A catering business is a lifestyle choice, it offers you a chance to be your own boss and to build a business you are proud of. We are aware that starting out on your own is a big decision and we want you to succeed. In this article we look at what you need to think about before investing in your catering business.
1) What kind of catering business are you interested in?
ie: Pizza, fish and chips, barista bar, gourmet food, burgers
When thinking about what food you want to serve, think about what you are passionate about, but also consider how long it takes to cook (and how much you can store ready to serve). Knowing what you want to do will help you to find out what equipment you need, and from there you can plan the layout of your mobile kitchen.
2) Where will you trade?
ie: festivals, highstreet, weddings etc
If you are thinking about setting up a street food trailer make sure you consider the footfall to the area and look at where people will be coming from. Look at who else is in the area and what they are serving, you don't want to be doing the same.
If you are wanting to go to festivals bare in mind that they need to be booked well in advance so you need to be organised and have the dates noted to get your space booked on time.
If you are planning catering events, think of what you want to be serving and how you are going to promote your business.
3) Depending on where I trade, will I need a trading license?
You will need a licence to sell food and drink. You will need to set up as a food business. Contact your local authority for further information on this.
4) How many people will I need to run the business?
This will depend on what you are making; you might need a one-man band or you might have a team. Considering how you will run your business will help you plan your budgets accordingly.
5) Do all staff need to have a food hygiene certificate?
The short answer is they don't, but you do need to give them adequate training to maintain food safety and it is good practice and reassuring for your customers if they have one.
6) Does your driving licence cover you for towing?
If you're looking at a food trailer check your licence will allow you to tow it. It does seem obvious, but it does catch people out. You might need to get your licence changed. Horseboxes are a popular conversion because they can be towed by most licence holders legally.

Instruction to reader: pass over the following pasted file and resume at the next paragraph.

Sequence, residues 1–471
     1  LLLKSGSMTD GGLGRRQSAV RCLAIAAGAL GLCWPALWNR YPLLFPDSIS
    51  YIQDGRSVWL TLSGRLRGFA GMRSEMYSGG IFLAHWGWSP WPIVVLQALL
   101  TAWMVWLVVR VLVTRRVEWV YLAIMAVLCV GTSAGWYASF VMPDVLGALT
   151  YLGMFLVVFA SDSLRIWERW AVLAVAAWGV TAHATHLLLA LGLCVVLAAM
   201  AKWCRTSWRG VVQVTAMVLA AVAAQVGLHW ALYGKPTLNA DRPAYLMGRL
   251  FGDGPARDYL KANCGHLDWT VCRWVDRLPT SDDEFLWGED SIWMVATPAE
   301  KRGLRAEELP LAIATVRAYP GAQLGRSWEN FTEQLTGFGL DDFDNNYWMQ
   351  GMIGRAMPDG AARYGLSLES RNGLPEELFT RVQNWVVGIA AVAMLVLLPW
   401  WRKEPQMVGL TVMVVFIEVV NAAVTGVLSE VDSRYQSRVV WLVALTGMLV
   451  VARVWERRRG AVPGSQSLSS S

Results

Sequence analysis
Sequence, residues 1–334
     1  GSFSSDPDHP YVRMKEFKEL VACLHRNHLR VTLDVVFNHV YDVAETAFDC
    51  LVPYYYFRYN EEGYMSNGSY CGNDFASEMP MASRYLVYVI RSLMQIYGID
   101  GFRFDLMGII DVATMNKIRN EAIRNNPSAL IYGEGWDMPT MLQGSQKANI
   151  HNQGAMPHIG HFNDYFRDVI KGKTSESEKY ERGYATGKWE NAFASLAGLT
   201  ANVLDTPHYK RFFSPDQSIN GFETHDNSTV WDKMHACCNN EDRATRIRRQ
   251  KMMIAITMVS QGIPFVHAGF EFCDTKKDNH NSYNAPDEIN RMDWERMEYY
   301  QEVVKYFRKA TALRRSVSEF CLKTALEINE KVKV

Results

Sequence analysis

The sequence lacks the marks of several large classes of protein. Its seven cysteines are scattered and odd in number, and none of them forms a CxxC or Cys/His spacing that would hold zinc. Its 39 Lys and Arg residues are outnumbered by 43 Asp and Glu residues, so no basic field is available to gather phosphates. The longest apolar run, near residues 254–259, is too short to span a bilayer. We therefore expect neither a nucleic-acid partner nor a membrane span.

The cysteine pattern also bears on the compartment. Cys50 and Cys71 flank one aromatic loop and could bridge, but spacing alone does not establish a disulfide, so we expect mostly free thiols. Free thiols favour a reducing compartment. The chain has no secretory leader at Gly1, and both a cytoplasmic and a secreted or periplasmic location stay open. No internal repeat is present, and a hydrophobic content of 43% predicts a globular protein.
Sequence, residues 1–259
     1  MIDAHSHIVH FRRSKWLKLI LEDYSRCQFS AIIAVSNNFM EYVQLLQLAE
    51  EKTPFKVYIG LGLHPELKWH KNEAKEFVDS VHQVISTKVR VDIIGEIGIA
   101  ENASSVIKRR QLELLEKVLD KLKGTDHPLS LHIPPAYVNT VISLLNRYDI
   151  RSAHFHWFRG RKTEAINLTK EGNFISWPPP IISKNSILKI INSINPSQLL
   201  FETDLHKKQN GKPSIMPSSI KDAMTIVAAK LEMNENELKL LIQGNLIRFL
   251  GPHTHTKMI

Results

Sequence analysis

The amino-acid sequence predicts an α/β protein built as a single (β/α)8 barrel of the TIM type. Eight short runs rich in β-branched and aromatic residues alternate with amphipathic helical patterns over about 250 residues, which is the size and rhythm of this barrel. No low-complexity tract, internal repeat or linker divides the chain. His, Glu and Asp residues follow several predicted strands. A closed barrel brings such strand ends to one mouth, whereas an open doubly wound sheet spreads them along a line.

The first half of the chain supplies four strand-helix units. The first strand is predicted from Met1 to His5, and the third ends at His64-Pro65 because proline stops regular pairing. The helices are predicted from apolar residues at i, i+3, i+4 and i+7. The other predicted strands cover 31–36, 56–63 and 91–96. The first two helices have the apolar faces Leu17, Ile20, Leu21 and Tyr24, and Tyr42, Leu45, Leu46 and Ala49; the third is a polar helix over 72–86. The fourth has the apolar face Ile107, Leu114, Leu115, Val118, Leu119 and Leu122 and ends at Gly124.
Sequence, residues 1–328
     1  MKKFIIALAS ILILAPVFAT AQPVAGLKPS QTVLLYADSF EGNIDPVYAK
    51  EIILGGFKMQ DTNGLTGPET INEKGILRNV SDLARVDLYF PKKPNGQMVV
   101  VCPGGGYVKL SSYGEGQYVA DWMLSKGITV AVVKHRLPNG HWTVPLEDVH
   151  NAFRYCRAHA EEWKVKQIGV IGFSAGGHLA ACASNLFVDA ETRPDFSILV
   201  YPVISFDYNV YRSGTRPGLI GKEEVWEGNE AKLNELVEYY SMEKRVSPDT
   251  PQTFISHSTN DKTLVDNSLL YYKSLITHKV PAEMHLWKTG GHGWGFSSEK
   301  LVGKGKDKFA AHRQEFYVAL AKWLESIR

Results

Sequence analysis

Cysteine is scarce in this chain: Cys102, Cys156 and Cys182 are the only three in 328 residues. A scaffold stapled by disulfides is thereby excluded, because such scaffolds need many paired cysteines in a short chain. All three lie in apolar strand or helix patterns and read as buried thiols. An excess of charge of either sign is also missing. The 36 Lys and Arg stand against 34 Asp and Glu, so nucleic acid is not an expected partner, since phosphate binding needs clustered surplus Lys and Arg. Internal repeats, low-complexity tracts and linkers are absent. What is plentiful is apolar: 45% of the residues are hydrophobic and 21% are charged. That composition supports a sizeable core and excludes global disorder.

7) What insurance will I need? ie: Trailer/ Vehicle insurance, public liability, etc
Public Liability Insurance is a must as well as making sure your vehicle or trailers is covered should you have an accident.
8) Sourcing food suppliers
Look into where you are going to source your food so you can work out your budgets.
9) Source local gas bottle suppliers
Knowing where to go to get a new gas bottle in the local area is a must so you can get your replacement quickly.
10) Advertise your business through a website and social media
Spend a bit of time setting up your profile so people can get in touch with you.
11) Finding festivals and events and booking in advance
Bare in mind festivals book in advance you will need to be well prepared to get your application in for the deadlines. There will be a lot of competition for big festivals.
12) Work out how much stock to take with you and your nearest supplier if you need to restock
Hopefully, you should have enough stock to take you through the day, but if you run out, make sure you have a plan for stocking up your supplies so you don't lose any profit.
13) Any alterations and modifications needed - book in the quiet seasons
Making a note of what you need and desire and book any work out of season. This means you will get your vehicle or trailer back quicker and it won't affect your business.
14) Make sure Gas and Electric certificates are up to date
Make sure you are gas safe and your electrics are PAT tested. Make a note of when these need renewing to keep your insurance valid and yourself safe.